Anti-oestrogen medicines, such as tamoxifen and anastrozole, are used to treat breast cancer in women. They can also be used to support the gender reassignment process for female to male transgender patients. Anastrozole blocks the synthesis of oestrogen in peripheral tissues such as adrenal glands and fat tissue, where testosterone can be converted to oestrogen. Tamoxifen blocks activation of the oestrogen receptor, preventing stimulation of female secondary sexual characteristics like breast tissue. Both medications help reduce the amount of oestrogen, which supports the suppression of female characteristics and the increase in masculine characteristics.
Combining medications that promote female characteristics while suppressing male characteristics, can help with the male to female gender reassignment process.
Medications combining oestrogen with an antiandrogen like cyproterone, are used to treat conditions in women caused by overproduction of androgens. These conditions include hirsutism (unwanted hair) and acne. Cyproterone alone is used to control extreme sexual desire in men that can cause aggressive behaviour. A combination of oestrogen with an antiandrogen can also be used to promote feminization while suppressing male characteristics, which helps support the gender reassignment process for male to female transgender patients. Oestrogens promote female characteristics, such as stimulating breast development and help make changes to the male body, such as reducing muscle mass and redistributing body fat. Antiandrogens are drugs that block the production and the effects of the male hormone testosterone and its more potent form, dihydrotestosterone (DHT). Development of secondary male characteristics are stimulated by DHT. These include growth of the prostate gland, the testes, and body and facial hair.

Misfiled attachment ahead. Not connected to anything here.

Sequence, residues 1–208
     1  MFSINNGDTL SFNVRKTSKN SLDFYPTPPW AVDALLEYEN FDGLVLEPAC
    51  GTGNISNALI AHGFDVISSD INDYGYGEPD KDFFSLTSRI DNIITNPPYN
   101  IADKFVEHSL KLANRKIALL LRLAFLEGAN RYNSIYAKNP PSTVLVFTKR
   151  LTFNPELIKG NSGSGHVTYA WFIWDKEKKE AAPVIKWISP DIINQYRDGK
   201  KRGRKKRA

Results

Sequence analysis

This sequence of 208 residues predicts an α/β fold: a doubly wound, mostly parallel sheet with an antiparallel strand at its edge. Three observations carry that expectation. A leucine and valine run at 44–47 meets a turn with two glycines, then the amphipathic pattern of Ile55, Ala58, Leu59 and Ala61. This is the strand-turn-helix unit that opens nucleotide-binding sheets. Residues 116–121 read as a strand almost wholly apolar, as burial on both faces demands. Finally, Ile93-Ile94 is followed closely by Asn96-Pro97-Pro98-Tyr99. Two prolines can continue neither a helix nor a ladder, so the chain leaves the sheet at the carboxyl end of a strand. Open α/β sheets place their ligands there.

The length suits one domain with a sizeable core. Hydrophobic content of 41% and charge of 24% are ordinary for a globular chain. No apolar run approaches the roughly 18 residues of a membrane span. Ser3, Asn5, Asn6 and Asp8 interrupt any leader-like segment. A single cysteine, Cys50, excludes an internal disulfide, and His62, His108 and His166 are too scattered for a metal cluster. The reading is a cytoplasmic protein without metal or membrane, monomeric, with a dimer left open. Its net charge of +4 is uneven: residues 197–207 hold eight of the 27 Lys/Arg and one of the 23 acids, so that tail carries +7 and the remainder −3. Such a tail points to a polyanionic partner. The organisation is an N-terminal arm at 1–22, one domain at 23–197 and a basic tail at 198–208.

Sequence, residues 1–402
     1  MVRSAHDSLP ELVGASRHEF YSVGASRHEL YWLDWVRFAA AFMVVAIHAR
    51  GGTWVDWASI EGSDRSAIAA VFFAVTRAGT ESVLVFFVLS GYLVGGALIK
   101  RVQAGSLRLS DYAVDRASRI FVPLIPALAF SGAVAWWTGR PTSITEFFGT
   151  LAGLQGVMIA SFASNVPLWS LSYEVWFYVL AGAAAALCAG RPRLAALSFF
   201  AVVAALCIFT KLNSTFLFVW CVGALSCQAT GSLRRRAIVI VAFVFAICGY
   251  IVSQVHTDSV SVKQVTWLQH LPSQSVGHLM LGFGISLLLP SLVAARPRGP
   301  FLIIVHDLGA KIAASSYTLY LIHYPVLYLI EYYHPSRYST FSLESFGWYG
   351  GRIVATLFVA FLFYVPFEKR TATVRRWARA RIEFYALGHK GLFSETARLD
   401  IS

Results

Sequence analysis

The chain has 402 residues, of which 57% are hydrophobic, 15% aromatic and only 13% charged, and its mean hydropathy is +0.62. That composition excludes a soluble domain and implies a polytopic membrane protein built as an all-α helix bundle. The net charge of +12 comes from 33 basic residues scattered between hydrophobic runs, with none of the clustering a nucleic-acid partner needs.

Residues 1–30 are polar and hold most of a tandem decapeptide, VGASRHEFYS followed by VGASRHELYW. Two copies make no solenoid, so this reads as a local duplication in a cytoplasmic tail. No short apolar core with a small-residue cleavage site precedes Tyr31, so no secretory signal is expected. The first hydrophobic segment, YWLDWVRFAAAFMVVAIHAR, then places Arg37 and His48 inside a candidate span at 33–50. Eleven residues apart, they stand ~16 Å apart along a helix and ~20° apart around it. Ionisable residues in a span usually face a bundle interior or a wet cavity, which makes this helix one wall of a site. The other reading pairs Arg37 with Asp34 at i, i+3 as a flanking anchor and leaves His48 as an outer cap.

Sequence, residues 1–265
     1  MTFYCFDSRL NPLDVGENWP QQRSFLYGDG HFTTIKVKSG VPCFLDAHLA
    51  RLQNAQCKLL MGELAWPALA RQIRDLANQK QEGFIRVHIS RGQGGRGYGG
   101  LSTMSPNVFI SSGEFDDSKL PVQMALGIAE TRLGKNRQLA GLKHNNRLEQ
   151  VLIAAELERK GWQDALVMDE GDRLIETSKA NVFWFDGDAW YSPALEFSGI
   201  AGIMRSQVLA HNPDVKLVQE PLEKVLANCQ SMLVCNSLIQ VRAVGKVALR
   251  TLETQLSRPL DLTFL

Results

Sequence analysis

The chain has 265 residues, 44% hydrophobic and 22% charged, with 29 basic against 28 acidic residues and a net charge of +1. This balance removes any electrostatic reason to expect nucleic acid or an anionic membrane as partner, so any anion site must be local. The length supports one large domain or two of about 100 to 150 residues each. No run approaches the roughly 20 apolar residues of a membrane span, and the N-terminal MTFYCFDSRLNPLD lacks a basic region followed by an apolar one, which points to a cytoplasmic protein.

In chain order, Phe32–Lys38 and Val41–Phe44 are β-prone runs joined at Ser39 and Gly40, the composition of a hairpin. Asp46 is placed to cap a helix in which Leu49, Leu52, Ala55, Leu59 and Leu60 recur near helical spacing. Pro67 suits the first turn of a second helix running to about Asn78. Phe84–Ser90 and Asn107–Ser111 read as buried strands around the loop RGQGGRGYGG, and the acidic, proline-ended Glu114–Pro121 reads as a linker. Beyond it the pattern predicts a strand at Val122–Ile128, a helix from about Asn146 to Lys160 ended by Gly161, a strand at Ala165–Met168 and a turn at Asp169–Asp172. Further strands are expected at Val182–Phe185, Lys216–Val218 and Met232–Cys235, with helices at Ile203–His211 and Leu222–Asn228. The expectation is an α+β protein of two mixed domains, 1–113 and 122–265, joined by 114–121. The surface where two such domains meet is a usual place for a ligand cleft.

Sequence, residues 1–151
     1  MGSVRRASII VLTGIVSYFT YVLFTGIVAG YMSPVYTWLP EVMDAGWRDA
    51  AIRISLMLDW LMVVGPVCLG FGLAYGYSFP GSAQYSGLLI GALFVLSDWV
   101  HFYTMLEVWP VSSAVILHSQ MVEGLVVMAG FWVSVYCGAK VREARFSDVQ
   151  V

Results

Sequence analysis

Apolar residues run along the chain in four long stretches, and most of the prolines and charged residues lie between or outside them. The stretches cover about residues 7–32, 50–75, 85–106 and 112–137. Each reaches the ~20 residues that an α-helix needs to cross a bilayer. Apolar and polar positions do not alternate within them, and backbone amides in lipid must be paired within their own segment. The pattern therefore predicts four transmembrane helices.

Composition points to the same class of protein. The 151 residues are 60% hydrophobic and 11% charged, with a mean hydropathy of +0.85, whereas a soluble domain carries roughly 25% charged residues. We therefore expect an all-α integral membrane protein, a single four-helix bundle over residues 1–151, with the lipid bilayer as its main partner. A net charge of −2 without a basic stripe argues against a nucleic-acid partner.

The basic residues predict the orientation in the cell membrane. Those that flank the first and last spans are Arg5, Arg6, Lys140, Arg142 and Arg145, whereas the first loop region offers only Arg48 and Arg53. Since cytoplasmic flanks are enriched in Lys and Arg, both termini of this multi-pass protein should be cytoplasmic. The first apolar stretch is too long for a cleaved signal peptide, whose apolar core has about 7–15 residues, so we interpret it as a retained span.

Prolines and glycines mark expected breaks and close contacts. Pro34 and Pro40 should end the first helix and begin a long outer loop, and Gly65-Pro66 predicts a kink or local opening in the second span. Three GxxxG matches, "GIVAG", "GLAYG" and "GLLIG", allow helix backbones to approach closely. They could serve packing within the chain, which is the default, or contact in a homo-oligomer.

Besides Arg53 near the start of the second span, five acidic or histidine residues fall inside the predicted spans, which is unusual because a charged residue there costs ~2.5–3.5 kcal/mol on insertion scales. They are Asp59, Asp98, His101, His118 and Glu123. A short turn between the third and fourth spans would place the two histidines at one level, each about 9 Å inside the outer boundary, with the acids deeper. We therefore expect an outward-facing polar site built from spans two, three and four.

Several forms of oestrogen can be used to promote the feminization process. These include conjugated oestrogens, which is a mixture of natural oestrogen in different forms. This preparation of oestrogen is used for hormone replacement therapy in women, to relieve symptoms of menopause. Conjugated oestrogens can also be used for hormone therapy as part of the gender reassignment process in male to female patients. Oestrogen combined with a progestogen like medroxyprogesterone, a synthetic form of the female sex hormone progesterone, may enhance the feminization process. Progesterone is involved in breast development. It also has antiandrogenic activity and works by blocking testosterone production.
Topical anaesthetic cream
A cream containing a combination of two topical anaesthetics is used for pain relief during minor superficial surgical procedures. These types of surgery may be needed during the gender reassignment process, for example, surgery involving genital skin.